Boris is also the second most recognised politician in Britain, after the Prime Minister. In a world where only 72% can correctly identify a picture of Nick Clegg (most often confusing him with George Osborne), 62% can accurately name an image of the Chancellor (most often confusing him with Ed Miliband), 64% correctly name a photo of William Hague (most often confusing him with Iain Duncan Smith, and sometimes with Ross Kemp), 55% can put the right name to Theresa May (most often confusing her with Harriet Harman), and only one in ten can correctly identify Philip Hammond (most often muddling him up with Jeremy Hunt, and sometimes with Julian Assange), it is quite something that Boris achieves recognition above 90%.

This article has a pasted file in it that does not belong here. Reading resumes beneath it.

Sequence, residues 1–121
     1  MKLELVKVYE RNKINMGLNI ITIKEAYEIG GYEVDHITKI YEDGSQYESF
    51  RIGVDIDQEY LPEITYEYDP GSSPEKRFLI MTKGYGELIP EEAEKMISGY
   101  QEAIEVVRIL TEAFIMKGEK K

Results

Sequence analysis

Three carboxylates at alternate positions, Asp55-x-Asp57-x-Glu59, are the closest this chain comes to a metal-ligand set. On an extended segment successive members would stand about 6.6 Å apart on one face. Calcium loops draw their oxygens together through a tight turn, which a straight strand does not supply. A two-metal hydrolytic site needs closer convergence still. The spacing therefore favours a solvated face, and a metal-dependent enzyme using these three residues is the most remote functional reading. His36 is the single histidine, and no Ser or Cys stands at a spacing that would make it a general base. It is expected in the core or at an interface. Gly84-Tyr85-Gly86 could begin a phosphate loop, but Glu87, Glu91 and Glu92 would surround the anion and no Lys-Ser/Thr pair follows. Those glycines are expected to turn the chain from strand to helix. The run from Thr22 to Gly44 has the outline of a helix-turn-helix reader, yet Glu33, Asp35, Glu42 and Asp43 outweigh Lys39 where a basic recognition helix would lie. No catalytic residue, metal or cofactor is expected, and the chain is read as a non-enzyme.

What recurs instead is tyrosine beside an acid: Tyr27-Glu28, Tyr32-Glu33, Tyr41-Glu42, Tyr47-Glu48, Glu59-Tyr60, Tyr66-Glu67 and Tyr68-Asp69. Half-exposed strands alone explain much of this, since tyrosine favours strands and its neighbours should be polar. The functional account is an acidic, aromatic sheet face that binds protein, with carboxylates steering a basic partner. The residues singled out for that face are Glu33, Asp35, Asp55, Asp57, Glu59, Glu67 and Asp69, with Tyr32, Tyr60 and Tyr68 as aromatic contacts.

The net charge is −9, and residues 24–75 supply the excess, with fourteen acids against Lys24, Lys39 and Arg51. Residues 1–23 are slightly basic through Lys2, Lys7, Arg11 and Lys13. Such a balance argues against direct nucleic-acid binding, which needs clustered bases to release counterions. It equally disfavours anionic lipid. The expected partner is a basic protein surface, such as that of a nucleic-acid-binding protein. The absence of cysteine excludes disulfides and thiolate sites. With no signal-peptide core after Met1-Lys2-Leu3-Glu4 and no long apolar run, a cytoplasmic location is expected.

Two thirds of voters, including majorities of all parties’ supporters, thought Boris was doing well as Mayor of London. But while just over half in our poll thought being Mayor was a serious job and that Boris had shown he could take on real responsibility, 42% thought the job was “mainly about generating publicity for the city rather than running anything”. People in the groups often referred to him as the Lord Mayor, and many assumed the role was mainly ceremonial or ambassadorial; though they thought he did a brilliant job of promoting the city, many were surprised to learn he had executive authority in important areas like transport and policing.